I sat next to Mulligan and poured my bottle of water into a bowl I’d brought. He slurped happily and after a few minutes he stood. Before we adopted Mulligan, we had learned he had been hit by a man with a stick. It didn’t take long to understand his fear of Murphy.

Two weeks later, Murphy said, “Mulligan is probably going to be your dog and I am going to need a puppy.”

My heart sank. “Okay. I understand.”

Murphy researched a litter of Aussie puppies and we drove to Georgia. Mulligan rode with us in the car and he played with the other dogs while Murphy chose his new puppy. He picked a black and white-merle Aussie. I drove home and Murphy held Slater, who looked like a piece of marble slate.

At home, Murphy sat on the den floor, and played tug with Slater. Silently, Mulligan left his safe place under our dining room table. He stood at the opening to the kitchen, spying on Murphy and Slater interacting. A couple of minutes passed. Mulligan slinked through the kitchen, sloth-like, and slipped into the den. His eyes never shifted from Murphy. I sat in my chair holding my breath. I didn’t say a word. My hand covered my racing heart.

Mulligan sauntered up to Murphy, plopped his bottom on the floor, inches from Murphy’s torso. Mulligan’s eyes focused on Slater and then back to Murphy. His head tilted with each of their playful movements. Seconds later, Mulligan leaned over Murphy and licked his forehead, ears and cheek.

Murphy stopped playing with Slater and his eyes filled with emotion, as did mine.

This had to have been a present from above. An episode Murphy nor I could ever have imagined. Murphy had broken through Mulligan’s fear with Slater’s help.

These two dogs have been brothers for eleven years. Our days with these two special dogs are counting down. Mulligan turned into a very loving and secure dog. Slater had cancer and has totally recovered.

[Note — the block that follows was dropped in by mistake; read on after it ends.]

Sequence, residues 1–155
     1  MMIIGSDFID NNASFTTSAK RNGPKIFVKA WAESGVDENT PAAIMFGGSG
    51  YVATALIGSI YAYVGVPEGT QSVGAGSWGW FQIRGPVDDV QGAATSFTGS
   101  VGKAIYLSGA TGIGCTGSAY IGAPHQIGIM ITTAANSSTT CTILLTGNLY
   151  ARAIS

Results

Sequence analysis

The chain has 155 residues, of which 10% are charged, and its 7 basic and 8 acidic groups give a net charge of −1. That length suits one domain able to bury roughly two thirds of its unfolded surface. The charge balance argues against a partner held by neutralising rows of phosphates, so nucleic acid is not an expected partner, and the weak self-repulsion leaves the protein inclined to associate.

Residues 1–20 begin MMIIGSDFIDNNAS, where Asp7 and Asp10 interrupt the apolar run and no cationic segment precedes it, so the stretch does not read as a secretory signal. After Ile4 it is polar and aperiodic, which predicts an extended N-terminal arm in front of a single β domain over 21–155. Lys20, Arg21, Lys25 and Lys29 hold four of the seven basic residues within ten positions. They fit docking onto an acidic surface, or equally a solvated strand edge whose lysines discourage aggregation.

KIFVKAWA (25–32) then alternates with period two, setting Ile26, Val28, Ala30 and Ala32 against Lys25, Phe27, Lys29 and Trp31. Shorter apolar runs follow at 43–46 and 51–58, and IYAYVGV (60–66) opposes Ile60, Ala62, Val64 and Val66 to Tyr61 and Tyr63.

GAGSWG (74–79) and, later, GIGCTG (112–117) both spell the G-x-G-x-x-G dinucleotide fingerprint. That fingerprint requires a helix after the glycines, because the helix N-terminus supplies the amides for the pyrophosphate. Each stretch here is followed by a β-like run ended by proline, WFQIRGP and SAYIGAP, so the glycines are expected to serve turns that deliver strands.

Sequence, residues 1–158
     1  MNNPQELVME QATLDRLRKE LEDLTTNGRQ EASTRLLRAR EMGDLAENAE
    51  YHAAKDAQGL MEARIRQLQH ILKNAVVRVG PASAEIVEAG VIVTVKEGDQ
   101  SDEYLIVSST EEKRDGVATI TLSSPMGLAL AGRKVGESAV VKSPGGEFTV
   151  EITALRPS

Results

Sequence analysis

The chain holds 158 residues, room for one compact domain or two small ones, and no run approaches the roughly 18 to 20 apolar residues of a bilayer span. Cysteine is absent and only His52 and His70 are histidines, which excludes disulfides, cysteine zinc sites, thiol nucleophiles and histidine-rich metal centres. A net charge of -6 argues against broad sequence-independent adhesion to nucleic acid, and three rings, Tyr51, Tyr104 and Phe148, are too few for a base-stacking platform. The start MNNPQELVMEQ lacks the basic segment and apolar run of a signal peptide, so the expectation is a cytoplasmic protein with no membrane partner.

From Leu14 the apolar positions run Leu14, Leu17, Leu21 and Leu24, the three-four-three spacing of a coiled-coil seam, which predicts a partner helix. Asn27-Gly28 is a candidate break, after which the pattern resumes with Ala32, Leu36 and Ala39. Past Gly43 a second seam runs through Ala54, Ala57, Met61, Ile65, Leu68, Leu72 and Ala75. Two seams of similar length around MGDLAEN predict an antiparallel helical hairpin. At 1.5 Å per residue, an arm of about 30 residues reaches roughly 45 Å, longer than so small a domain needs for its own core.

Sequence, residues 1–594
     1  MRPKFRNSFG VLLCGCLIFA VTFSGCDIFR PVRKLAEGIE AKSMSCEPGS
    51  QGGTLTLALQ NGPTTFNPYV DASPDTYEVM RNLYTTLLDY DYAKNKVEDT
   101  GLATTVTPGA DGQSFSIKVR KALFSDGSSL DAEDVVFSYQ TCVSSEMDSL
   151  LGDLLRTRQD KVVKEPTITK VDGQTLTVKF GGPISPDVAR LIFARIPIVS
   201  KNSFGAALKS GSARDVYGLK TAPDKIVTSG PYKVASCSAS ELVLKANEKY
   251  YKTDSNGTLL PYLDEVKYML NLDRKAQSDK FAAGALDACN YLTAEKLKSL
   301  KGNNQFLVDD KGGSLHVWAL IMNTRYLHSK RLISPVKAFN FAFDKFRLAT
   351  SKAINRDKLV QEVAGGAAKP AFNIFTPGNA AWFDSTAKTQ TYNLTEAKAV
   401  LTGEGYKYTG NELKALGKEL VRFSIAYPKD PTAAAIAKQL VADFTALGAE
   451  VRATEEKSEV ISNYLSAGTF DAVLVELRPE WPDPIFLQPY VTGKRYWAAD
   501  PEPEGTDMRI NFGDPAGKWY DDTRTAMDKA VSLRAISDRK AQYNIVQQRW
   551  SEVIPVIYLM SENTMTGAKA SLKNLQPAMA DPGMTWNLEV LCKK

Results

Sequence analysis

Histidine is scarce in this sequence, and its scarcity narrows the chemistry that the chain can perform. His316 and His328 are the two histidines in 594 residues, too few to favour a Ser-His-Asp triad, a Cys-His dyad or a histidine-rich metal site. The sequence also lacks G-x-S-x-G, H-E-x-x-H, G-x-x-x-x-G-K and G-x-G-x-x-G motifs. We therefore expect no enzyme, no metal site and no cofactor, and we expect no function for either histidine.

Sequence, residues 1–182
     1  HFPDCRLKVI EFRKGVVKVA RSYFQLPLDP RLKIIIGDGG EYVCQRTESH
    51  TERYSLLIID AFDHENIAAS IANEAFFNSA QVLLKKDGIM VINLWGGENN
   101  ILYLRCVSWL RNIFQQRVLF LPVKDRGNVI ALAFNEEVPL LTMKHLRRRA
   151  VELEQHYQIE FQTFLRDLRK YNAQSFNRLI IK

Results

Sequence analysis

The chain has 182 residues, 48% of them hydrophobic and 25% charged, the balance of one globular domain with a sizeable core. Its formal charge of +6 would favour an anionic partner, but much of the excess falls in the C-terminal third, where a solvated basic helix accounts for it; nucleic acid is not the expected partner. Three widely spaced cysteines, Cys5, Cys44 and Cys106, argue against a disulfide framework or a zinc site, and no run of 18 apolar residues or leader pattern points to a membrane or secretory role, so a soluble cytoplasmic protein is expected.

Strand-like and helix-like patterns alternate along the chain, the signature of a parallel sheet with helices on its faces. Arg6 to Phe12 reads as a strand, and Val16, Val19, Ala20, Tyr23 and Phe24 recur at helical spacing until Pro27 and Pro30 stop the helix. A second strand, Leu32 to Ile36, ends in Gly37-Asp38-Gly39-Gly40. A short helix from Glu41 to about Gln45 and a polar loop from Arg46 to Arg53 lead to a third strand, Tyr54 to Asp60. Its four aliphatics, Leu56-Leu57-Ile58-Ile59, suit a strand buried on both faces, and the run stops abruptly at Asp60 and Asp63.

We are enjoying every moment with these guys and will forever cherish our memories.

by Sheri Levy

 

 

 

 

 

 

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JAKE: Our Most Loving and Demanding Dog by Sheri Levy

 

After the death of our first rescued German shepherd, Charlie, my husband and I let our children choose a White German shepherd. Our young daughter named her, Gretchel. After Gretchel passed-on, and being avid dog lovers, we fell in love with the Australian shepherd breed.

During January, our six-month-old Aussie, Sydney, discovered his first snow storm, and he bit and pawed at the white fluff. Snow never lasted long in Greenville, S.C. so we spent the afternoon sledding. I rode our children’s red sled and Sydney chased me. Suddenly, a Black lab puppy bounced out of the woods, sat my lap, and licked my face.

Sydney barked, telling him to go away. But the Lab refused and wanted to play. Murphy and I assumed he was a neighbor’s dog. After an hour of being frozen and wet, we called Sydney and headed home.

The Lab sat and stared. His head bobbed sideways, contemplating what came next. Moments later, he raced after us. We led him into our garage, gave him water, and Murphy dried his wet body while I went in and called our neighbors. No one knew anything about this dog.